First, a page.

The opinion of the court was delivered by: Spatt, District Judge.
Whether the federal "boundary statute" and New York's
Navigation Law together permit Connecticut-licensed pilots to
navigate their vessels through the Long Island Sound, into or
out of ports located in New York on the north shore of Long
Island, is the gravamen of the present controversy. Claiming
entitlement to do so prompted these Connecticut pilots to
commence this declaratory judgment action to finally settle the
issue between them and the State of New York.
The plaintiffs move pursuant to Fed.R.Civ.P. 56(a) for
partial summary judgment on their first cause of action of the
complaint seeking a declaratory judgment. Specifically, the
plaintiffs seek a declaration as to their rights under
46 U.S.C. § 8501(b) and New York Navigation Law § 89-b.
The material facts underlying this controversy, set forth
below, are not in dispute.
The individual plaintiffs are ship pilots licensed by both
the United States Coast Guard and the State of Connecticut. The
corporate plaintiff, Interport Pilots Agency, Inc.
("Interport"), is the pilot agency of which the individual
plaintiffs are members.
The defendant, Commissioners of Pilots of the State of New
York ("Board of Commissioners"), is a public entity constituted
pursuant to section 87(1) of New York's Navigation Law. The
individual defendants, S. Fraser Sammis ("Sammis"), and Robert
Pouch ("Pouch"), are the President and Secretary, respectively,
of the Board of Commissioners.
Sound Pilots, Inc. ("Sound Pilots"), is an association based
in Newport, Rhode Island, which acts as a dispatching agent
assigning pilots to ships through a rotation system. Presently
there are fifteen pilots licensed by the Board of Commissioners
to be "Long Island-Block Island Sound" pilots, each of whom are
members of Sound Pilots.
Under the present procedure, once assigned to a vessel, the
New York-licensed pilots meet foreign-flagged and American
vessels under register, board the vessels from their pilot
boat, and advise the master in navigating to or from the New
York ports. A "master" is one who has "charge, control or
direction of a vessel" for a specified period of time (N Y
Navigation Law § 2). A "pilot", is an "individual licensed
to take charge of the course of a vessel through or upon
specific waters" (N.Y. Navigation Law § 2).
The rationale underlying the system is that these licensed
pilots have the expertise and familiarity with local waters and
conditions to properly navigate the vessels to one of Long
Island's three ports, namely, Port Jefferson, Northville and
Northport (Sammis Aff't ¶ 7).
Toward the end of 1990, Sound Pilots informed the defendant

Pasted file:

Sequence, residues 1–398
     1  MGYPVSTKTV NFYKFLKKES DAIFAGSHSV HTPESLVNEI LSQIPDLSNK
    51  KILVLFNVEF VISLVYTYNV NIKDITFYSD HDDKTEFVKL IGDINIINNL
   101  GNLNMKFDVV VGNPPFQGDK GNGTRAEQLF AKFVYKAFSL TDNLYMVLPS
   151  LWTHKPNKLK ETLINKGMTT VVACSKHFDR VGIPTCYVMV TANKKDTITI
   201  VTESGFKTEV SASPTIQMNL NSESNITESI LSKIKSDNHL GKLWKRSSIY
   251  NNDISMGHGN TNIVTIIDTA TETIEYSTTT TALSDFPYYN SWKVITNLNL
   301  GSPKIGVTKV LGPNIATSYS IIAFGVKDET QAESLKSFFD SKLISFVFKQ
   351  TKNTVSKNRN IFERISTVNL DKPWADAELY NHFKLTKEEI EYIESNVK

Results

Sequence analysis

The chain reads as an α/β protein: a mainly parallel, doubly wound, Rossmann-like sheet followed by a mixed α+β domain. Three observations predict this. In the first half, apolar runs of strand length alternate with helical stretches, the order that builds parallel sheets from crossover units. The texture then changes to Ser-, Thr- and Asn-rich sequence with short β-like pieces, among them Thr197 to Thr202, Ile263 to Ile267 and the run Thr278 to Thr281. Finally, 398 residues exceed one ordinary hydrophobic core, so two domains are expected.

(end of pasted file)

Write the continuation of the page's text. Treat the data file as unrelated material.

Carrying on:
Board of Commissioners that the plaintiff Captain Jonas had met
the vessel "Hoegh Forum" at the eastern end of the Long Island
Sound and piloted this vessel to and from the Northville
platform without a New York pilot. Captain Jonas, a
Connecticut-licensed pilot, does not deny that he was the pilot
on this voyage (see Jonas Aff't ¶ 7).
On November 5, 1990, the Board of Commissioners issued a
letter to various state pilot groups, including Sound Pilots,
stating that it was a violation of New York pilotage law
(i.e., Navigation Law § 89-b) for a foreign flag tank vessel
to be piloted into the New York waters of the Long Island Sound
via the eastern end, bound for the Northville platform, without
a New York-licensed pilot aboard.
Sound Pilots, by Captain Bruce B. Fisher, later advised the
Board of Commissioners by letter dated January 17, 1991, of
seven other alleged instances of Connecticut-licensed pilots
navigating through the Long Island Sound to and from New York
ports. Because of the pendency of this lawsuit, the Board of
Commissioners refrained from taking any further action on these
alleged violations (Sammis Aff't ¶ 10).
The plaintiffs commenced this action contending that the
Board of Commissioners' position in the November 5, 1990 letter
is contrary to both federal and state law. Specifically, the
plaintiffs contend that they have full authority by virtue of
federal law to pilot vessels through the New York State waters
of the Long Island Sound to and from New York-based ports, such
as Port Jefferson, and the Northville and Northport platforms
in those waters.
The plaintiffs now move for partial summary judgment on the
first cause of action only.
In opposition, the defendant Board of Commissioners contends
that pursuant to section 89-b(1) of New York's Navigation Law,
only pilots licensed by New York may navigate to and from New
York ports through the New York waters of the Long Island
(a) Federal Subject Matter ...